We read with interest the letter to the editor by Stephenson et al regarding our article “Abdominal rectus muscle atrophy and midline shift after colostomy creation.” Any attempt to decrease the risk of parastomal herniation should be applauded, because its incidence of greater than 50% remains unacceptably high. Transrectus vs pararectal stoma placement has been subject to discussion for quite some time, is retrospective in nature, and thus the level of evidence is low. The most recent Cochrane review concludes that the poor quality of the included evidence did not allow a robust conclusion. In addition, no difference could be discovered after we pooled all studies, which comprised a total number of 761 patients. Furthermore, the authors describe in their letter that they could not observe a midline shift in their trial; however, as we mention in our study, we could only determine the true midline by using the I-Space, a CAVE-like virtual reality system and V-scope software, so we are interested as to how the authors determined a midline without these tools.

Applying new techniques to prevent this complication seems highly relevant, because the impact of parastomal hernia on the quality of life of patients should not be underestimated (unpublished results). Placement of the stoma lateral to the rectus muscles could possibly decrease the rate of parastomal hernia, as is suggested by the retrospective study of Stephenson et al. The intercostal nerves are less segmented lateral to the stoma and could be easier to detect and preserve. Randomized, controlled trials, however, are needed to evaluate the effect of this technique. A possible technique for parastomal hernia prevention is the use of primary mesh augmentation. A meta-analysis focusing on primary mesh augmentation showed a decrease in parastomal hernia with a risk ratio of 0.23. Interestingly, no mesh infections were reported in any of the randomized controlled trials, but the use of prosthetic material in potentially contaminated areas are still a subject of debate. Possibly, the long-term results of the PREVENT trial could give us more information regarding this prevention method.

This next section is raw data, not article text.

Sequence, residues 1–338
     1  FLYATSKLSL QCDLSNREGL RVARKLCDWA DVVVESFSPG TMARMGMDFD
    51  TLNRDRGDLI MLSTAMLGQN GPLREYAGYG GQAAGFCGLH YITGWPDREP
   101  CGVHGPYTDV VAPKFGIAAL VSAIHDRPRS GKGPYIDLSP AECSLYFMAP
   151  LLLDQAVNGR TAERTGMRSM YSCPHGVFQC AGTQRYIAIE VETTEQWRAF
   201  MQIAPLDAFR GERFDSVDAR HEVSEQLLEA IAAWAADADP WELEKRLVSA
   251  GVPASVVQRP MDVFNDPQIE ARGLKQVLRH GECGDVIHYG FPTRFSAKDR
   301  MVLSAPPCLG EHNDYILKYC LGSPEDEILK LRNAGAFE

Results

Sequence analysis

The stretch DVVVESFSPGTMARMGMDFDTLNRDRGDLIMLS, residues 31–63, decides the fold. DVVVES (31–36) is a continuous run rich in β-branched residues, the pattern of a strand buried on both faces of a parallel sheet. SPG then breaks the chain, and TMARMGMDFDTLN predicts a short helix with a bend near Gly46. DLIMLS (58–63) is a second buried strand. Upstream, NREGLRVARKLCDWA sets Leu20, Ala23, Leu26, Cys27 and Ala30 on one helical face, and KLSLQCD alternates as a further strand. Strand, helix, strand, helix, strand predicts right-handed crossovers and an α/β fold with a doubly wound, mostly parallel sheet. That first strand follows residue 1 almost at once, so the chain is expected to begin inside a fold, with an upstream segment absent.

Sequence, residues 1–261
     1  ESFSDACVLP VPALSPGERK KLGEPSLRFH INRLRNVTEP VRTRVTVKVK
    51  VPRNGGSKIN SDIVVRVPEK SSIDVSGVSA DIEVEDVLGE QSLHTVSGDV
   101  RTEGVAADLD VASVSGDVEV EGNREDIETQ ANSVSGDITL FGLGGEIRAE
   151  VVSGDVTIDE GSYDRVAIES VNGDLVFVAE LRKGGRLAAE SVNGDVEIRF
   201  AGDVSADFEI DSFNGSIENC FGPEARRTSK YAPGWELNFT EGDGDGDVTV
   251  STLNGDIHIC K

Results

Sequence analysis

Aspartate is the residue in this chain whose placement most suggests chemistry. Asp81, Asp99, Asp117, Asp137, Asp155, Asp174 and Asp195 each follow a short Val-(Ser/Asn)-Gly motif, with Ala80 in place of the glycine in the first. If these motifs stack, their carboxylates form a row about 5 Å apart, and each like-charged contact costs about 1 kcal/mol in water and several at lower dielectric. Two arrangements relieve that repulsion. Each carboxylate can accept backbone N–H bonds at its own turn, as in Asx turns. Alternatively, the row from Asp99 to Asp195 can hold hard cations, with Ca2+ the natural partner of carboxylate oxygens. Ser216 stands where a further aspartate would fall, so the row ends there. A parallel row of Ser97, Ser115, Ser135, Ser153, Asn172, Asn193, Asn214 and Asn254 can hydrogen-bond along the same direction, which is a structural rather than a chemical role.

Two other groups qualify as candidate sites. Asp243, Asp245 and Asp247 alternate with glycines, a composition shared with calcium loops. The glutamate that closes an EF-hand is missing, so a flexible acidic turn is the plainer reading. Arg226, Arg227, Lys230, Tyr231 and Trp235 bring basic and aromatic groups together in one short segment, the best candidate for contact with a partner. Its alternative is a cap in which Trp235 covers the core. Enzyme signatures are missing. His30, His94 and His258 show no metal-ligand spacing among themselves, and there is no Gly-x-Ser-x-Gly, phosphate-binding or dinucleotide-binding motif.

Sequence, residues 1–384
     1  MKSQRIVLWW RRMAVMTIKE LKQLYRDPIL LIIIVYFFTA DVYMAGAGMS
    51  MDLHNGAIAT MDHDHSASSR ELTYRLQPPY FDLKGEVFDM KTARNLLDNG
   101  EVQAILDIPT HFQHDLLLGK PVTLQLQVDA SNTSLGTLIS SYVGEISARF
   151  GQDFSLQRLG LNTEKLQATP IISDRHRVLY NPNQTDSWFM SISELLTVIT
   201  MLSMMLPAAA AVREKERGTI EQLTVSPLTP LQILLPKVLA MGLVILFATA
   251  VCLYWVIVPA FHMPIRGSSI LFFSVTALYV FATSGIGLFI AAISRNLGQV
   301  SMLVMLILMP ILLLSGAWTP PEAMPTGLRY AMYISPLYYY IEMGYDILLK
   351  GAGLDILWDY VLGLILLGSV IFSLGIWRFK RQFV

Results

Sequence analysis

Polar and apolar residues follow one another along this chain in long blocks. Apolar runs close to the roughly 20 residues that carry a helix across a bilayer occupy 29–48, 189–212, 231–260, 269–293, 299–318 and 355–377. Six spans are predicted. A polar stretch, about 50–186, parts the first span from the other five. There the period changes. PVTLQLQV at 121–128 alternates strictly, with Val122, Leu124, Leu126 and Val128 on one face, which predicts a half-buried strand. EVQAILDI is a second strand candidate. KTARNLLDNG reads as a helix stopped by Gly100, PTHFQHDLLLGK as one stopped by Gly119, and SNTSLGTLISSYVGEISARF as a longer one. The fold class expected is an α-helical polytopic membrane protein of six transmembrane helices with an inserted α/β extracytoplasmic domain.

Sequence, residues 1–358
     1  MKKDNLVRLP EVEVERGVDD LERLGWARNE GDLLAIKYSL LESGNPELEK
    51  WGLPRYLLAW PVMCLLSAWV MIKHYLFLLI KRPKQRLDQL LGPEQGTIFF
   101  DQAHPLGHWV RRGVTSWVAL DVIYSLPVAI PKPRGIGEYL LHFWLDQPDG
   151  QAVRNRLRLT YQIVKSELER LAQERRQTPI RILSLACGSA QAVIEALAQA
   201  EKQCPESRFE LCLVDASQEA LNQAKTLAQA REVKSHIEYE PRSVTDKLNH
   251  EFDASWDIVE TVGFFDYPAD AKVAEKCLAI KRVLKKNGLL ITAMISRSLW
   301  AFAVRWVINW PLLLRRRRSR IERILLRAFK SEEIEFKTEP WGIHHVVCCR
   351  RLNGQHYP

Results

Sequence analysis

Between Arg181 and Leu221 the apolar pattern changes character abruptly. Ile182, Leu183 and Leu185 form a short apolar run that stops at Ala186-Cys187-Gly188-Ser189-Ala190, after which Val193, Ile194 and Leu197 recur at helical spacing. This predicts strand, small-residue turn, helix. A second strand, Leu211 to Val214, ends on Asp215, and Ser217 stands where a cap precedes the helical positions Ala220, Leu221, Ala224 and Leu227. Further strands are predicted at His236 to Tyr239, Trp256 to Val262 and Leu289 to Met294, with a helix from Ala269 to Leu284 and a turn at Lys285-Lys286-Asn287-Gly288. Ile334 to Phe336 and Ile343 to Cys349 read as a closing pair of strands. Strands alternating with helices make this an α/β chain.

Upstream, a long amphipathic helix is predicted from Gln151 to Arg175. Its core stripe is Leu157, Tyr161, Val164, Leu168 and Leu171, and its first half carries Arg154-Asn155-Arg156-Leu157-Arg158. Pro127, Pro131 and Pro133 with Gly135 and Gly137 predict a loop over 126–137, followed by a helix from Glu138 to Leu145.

doi.org/10.1016/j.surg.2014.09.021, hdl.handle.net/1765/87443
Department of Bioinformatics

Timmermans, L., Deerenberg, E., van Dijk, S., Lamme, B., Koning, A., Kleinrensink, G. J., … Lange, J. (2015). Reply to: Can we avoid rectus abdominis muscle atrophy and midline shift after colostomy creation?. Surgery, 157(1), 179–180. doi:10.1016/j.surg.2014.09.021